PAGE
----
Postmodernism, by nature, sidesteps easy classification and universal tenets, shirking the ability to be confined into a convenient little package. But the movement might provide one insight that gamers will likely agree with: every story has already been told. Over the thousands of years of civilization, we’ve thought up every reason why a hero might journey to the underworld. Now, our entertainment can only offer deviations on pre-existing themes.
But things aren’t as depressing as they might initially seem. Originality might be absent from contemporary narrative, but creativity and a cunning amalgam of references can elevate a work. Sure, The Matrix’s plotline might have been cribbed from Plato’s The Allegory of the Cave, but when the Wachowskis added wife-fu, bullet-time shots inspired by Akira, and a nourish aesthetic right out of a hardboiled detective thriller, the result proved dazzling.
Similarly, the recent release of A Rose in the Twilight for the PS Vita demonstrates the development arm of Nippon Ichi crafting something extraordinary special from several familiar parts. The game’s puzzle-platforming is fairly conventional and its loligoth vibe will be recognizable to fans of Japanese culture. But the fusion of these components, as well as a few purposefully discerning moments, congeal into a something that will likely stick with players long after power to the portable device has been extinguished.
At first glance, the game’s protagonist is alarming cute, her flawless bob haircut adorned with a tiny crown, while her frame is outfitted in a frilly dress and knee highs. But like many other elements in the game, there’s cruelty lurking beneath the surface. While the name of Rose seems to signify the juxtaposition of fragility and beauty, there’s malice to the moniker. You see, Rose has a cursed thorn pierced her back, implicitly putting the girl in a constant state of agony.
The upside is that the bud endows Rose with a several abilities. For one, the flower allows the heroine to absorb blood from different entities and then transfuse the liquid into inanimate objects, thereby changing their mass. In execution, this mechanic isn’t far removed from similar physics- or time-based conundrums, with interaction either bringing things to life or making moving objects stationary. Given your limited ability set, the problems themselves never become too complex, and you can often experiment until a solution emerges. Pleasingly, the riddles are both rational and rewarding- ensuring gratification across the ten to twelve-hour journey.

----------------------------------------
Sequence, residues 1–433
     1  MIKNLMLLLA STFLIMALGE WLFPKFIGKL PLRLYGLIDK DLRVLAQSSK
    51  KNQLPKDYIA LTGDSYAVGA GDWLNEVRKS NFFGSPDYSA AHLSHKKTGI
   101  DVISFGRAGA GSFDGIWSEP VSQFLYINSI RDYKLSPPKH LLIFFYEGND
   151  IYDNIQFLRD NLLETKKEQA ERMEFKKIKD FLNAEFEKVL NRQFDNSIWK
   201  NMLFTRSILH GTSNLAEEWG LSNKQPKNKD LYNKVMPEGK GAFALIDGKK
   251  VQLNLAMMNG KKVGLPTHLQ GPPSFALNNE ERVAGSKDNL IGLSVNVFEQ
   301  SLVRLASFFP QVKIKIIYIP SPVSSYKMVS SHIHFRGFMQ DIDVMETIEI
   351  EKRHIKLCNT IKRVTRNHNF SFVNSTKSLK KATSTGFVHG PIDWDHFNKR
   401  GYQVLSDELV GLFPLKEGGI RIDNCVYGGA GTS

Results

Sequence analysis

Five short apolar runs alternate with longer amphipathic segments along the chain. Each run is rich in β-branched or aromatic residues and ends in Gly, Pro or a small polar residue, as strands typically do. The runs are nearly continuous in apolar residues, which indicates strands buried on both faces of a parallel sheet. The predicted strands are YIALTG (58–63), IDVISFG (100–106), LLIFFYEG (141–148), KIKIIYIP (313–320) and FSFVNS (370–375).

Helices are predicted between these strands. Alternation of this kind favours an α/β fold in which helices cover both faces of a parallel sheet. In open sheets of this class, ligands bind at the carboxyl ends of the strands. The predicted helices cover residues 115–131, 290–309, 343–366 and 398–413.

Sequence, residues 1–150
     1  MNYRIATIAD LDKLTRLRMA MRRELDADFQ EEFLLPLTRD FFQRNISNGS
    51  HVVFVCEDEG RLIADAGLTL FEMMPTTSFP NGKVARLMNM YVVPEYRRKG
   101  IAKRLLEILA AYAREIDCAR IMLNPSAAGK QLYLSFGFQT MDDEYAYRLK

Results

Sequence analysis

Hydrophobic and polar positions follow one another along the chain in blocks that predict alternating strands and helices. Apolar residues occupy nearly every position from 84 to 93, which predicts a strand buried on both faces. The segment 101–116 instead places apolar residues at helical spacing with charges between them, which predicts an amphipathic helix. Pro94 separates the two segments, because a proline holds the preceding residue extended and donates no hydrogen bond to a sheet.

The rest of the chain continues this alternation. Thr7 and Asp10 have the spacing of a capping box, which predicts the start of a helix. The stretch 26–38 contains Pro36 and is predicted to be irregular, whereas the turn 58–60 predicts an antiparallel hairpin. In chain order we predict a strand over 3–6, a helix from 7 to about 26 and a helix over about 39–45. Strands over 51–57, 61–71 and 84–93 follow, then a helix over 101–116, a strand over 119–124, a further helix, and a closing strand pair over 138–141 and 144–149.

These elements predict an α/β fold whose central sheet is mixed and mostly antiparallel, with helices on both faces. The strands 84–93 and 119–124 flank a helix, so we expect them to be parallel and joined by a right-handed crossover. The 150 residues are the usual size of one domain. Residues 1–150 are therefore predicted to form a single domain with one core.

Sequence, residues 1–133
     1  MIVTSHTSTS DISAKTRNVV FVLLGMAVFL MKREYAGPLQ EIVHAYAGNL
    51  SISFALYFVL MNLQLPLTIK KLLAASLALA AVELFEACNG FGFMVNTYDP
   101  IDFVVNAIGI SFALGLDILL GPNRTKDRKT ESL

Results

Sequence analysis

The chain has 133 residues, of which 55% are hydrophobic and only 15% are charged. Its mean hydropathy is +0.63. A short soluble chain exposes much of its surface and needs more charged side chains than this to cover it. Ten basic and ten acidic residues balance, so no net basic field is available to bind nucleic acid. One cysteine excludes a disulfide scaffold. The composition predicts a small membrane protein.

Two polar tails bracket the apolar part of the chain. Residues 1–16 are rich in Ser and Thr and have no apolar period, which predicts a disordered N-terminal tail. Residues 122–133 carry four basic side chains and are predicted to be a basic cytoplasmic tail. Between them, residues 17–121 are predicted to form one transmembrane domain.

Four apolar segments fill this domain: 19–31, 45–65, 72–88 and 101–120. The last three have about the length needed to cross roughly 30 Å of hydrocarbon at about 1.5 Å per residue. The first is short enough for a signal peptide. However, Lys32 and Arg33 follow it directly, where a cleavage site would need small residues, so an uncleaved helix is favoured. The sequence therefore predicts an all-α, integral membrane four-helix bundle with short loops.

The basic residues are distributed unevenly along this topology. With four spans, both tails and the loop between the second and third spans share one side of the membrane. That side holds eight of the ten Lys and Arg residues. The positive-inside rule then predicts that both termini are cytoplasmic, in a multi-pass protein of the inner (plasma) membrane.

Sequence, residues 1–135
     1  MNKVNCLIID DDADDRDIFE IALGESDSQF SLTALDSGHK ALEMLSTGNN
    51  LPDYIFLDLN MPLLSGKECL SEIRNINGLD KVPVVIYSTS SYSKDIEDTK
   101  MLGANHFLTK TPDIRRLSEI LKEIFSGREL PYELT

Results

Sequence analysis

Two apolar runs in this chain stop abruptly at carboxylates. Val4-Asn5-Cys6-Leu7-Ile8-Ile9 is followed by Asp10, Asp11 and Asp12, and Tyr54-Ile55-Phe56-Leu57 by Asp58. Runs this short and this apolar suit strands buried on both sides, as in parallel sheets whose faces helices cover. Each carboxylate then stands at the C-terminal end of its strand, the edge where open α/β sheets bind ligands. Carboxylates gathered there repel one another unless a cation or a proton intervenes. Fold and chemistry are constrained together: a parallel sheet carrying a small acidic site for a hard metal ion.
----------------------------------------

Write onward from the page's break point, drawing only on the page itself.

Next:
Like many puzzlers, players occasionally take control of a secondary character with a complementary ability set. In this case, a faceless Gollum offers the brawn that Rose lacks, allowing players to carry heavy objects and move through areas that are impenetrable to the young lady. But most intriguing are the moments when peril is imposed upon players, forcing them to kill Rose in a number of protracted ways. While we’re accustomed to dispensing lethal force toward enemies, these instances of self-harm are one of the most transgressive moments in modern gaming. As such, leading Rose to the gallows or a noose is afflicting- the rare instance of game violence that produces pensiveness. While she rematerializes at a nearby flower bud, expect to find the act rather haunting.
But that’s not the only morbid element found in A Rose in the Twilight. Sporadically, you’ll come across the deceased and when Rose purloins the plasma from their lifeless bodies, players are given a cinematic that reveals how they died. Like the rest of the game, these sequences are articulated in muted, monochromatic fashion and help construct the game’s narrative. But that’re not the only expositional element you’ll uncover. Periodically, players will be provided with bit and pieces of Rose’s backstory, and progressively the fuse together in a way that’s rather satisfying.
For fans of the puzzle genre, there’s little to dislike about A Rose in the Twilight. Sure, there can be sporadic moments of frustration, especially in the end-game where timing and precision in emphasized. Likewise, boss battles are challenging, but as long as players enter each event with patience, they shouldn’t produce too much vexation. Others might not appreciate the speed of the game’s main characters, who moves at a pace far slower that most platform-based titles.
A Rose in the Twilight uses a muted color palette underscored with splashes of deep crimson, endowing the title with an atmospheric appearance. On Vita screens, there’s a pleasing level of detail in the game’s hand-drawn characters and backdrops, endowing the game with a contenting sense of context. Meanwhile, the game’s sonic output shirks persistence, offering a melancholic melody to underscore an affecting scene, substantiating a ‘less is more’ approach.
Sure, Nippon Ichi has plumbed familiar territory, with both htoL#NiQ: The Firefly Diary and Yomawari: Night Alone, offering journeys were susceptible protagonists explore hauntingly beautiful environments. But, A Rose in the Twilight earns distinction for its sublime synthesis of elements. With its pensive storyline and occasionally disarming delivery- coupled with a visual output that complements the melancholic journey, this game encapsulates the delicate petals and piercing thorns of its namesake.
A Rose in the Twilight was played on the PS Vita
with review code provided by the publisher
Platform: PS Vita, PC
Developer: Nippon Ichi Software
Publisher: NIS America
Release date: April 11th, 2017
Launch Price: $39.99 via PSN or Steam